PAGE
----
We ate our lunch at one of the little picnic tables they had set up for that purpose. As we ate, we tried to figure out how the French bakers can get the baguette so perfectly crusty on the outside and so chewy and delicious on the inside. It’s a reality I will continue to ponder.

Our next stop was Omaha Beach, and the American cemetery. We walked through the museum, which gave a lot of information about the events leading up to the war, and even more interesting (at least to me), the events and discussions that went on during the days just prior to D-Day. While I could always imagine how much thought went into planning a battle such as that fought on June 6, I had never really realized that the Americans had tricked the Germans into thinking a bigger battle was going to be fought elsewhere. The Americans used false communications, fake airplanes, and other kinds of trickery that helped catch the Germans off guard and lulled them into thinking that, even as our soldiers were storming the beaches, this battle was not to be taken that seriously.

After visiting the museum, we walked down to the beach. I think of my entire day, this was what moved me the most. The beach area from where the water meets the shore to where the soldiers would have some trees or shrubs for protection was easily the length of two football fields. (And speaking of football, the next time I hear a sports announcer refer to a football player as a hero, I think I will put a rock through my television screen. Football players are not heroes. Twenty-year-old boys climbing off boats carrying hundreds of pounds on their backs, running to the shore, and then crawling on their bellies for 200 yards or more while getting shot at are heroes.)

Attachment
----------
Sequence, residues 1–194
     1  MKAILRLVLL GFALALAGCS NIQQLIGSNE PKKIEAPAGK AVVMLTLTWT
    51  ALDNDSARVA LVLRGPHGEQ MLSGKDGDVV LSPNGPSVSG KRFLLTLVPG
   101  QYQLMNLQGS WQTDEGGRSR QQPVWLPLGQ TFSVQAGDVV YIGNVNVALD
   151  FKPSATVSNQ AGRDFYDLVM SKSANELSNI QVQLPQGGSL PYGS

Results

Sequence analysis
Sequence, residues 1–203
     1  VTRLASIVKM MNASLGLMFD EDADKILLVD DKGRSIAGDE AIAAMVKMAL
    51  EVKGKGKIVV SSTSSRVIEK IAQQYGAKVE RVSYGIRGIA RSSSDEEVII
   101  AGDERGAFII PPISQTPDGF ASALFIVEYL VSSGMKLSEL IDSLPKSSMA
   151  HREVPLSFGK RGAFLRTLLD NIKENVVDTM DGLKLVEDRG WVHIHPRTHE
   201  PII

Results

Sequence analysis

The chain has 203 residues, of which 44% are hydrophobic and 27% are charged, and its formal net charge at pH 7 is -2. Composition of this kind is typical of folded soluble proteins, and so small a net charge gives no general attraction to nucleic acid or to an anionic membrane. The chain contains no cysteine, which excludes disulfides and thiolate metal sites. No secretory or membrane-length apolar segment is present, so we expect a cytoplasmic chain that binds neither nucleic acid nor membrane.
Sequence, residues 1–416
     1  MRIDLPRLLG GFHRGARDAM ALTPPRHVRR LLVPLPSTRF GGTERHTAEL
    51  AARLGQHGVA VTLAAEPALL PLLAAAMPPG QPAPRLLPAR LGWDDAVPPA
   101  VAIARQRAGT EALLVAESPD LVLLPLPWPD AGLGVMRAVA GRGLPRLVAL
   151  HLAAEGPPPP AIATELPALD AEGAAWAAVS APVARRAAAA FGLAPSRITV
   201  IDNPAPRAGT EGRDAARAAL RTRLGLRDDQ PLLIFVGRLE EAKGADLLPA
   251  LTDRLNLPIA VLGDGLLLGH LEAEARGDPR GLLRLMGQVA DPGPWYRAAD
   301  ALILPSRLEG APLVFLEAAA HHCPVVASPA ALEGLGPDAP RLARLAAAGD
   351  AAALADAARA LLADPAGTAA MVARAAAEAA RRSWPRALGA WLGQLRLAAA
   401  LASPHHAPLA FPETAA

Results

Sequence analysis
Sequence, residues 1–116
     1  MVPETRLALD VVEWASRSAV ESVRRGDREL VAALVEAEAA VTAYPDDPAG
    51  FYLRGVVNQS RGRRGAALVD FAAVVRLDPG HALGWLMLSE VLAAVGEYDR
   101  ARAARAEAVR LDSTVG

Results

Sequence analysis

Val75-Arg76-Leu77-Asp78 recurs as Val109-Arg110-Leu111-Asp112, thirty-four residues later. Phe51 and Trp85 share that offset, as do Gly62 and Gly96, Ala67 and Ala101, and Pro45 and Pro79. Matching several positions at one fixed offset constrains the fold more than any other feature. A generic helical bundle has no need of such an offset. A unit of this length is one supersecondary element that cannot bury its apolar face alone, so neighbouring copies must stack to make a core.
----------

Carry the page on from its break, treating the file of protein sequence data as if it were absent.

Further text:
After looking at the beach, we walked back up to the cemetery. Of course, the sight of all of these white marble crosses and stars of David is poignant beyond belief. Each marker has the name and rank of the soldier and the day he died. I always forget that the battles of Normandy went on not just for this one day, but for months. There are a number of markers that bear no name, but say only God knows who he is. Very sad.

 

We left the cemetery and drove a bit further up the coast to Pointe du Hoc Ranger Monument. We decided to stop here at the last moment, and I’m glad we did. Pointe du Hoc was an area where, early on June 6, 300 US Army Rangers climbed the cliffs of this heavily German-fortified position to secure it for the allies. They were successful, but only after losing over two-thirds of the soldiers. Out of the 300 Rangers, 95 survived. The area was heavily bombed and the huge holes where the bombs had dropped are amazing and a somber reminder of the power of those bombs.

craters

Our last stop of the day was in Ste Mere Eglise, the first town to be liberated by the American soldiers on June 7, 1944. This pretty little town is in the general area where the 101st and 82nd Airborne soldiers dropped early on June 6 to land behind enemy lines. If you saw the movie The Longest Day, you will recall that one soldier got caught on the church steeple and played dead for a number of hours while German soldiers took shots at him. As he hung helplessly, he watched the ensuing battle below. The people of this town, to this day, have American flags hanging and have a parachute with a dummy hanging on the steeple of the church in commemoration.

It had been a long and somber day, but one that made me very proud.